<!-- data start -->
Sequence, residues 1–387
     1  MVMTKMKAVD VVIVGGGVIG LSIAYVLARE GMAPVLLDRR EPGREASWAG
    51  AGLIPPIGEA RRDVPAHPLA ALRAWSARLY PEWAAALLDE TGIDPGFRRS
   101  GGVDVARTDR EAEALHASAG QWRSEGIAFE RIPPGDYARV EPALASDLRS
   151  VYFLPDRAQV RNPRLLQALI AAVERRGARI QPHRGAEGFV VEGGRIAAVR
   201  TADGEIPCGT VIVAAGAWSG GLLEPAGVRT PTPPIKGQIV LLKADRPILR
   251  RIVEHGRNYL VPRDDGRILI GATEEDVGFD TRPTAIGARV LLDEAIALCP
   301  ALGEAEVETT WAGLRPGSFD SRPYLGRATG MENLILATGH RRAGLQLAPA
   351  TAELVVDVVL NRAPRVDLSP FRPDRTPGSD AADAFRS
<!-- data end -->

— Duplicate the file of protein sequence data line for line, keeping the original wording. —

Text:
Sequence, residues 1–387
     1  MVMTKMKAVD VVIVGGGVIG LSIAYVLARE GMAPVLLDRR EPGREASWAG
    51  AGLIPPIGEA RRDVPAHPLA ALRAWSARLY PEWAAALLDE TGIDPGFRRS
   101  GGVDVARTDR EAEALHASAG QWRSEGIAFE RIPPGDYARV EPALASDLRS
   151  VYFLPDRAQV RNPRLLQALI AAVERRGARI QPHRGAEGFV VEGGRIAAVR
   201  TADGEIPCGT VIVAAGAWSG GLLEPAGVRT PTPPIKGQIV LLKADRPILR
   251  RIVEHGRNYL VPRDDGRILI GATEEDVGFD TRPTAIGARV LLDEAIALCP
   301  ALGEAEVETT WAGLRPGSFD SRPYLGRATG MENLILATGH RRAGLQLAPA
   351  TAELVVDVVL NRAPRVDLSP FRPDRTPGSD AADAFRS